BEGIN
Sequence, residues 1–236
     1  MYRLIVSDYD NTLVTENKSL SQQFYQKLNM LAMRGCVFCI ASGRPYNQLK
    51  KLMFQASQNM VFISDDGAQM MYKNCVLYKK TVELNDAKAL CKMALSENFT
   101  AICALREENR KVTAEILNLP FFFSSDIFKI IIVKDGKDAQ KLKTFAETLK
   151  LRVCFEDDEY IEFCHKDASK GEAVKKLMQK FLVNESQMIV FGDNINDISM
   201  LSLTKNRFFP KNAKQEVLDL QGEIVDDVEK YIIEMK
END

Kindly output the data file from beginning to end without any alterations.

Sequence, residues 1–236
     1  MYRLIVSDYD NTLVTENKSL SQQFYQKLNM LAMRGCVFCI ASGRPYNQLK
    51  KLMFQASQNM VFISDDGAQM MYKNCVLYKK TVELNDAKAL CKMALSENFT
   101  AICALREENR KVTAEILNLP FFFSSDIFKI IIVKDGKDAQ KLKTFAETLK
   151  LRVCFEDDEY IEFCHKDASK GEAVKKLMQK FLVNESQMIV FGDNINDISM
   201  LSLTKNRFFP KNAKQEVLDL QGEIVDDVEK YIIEMK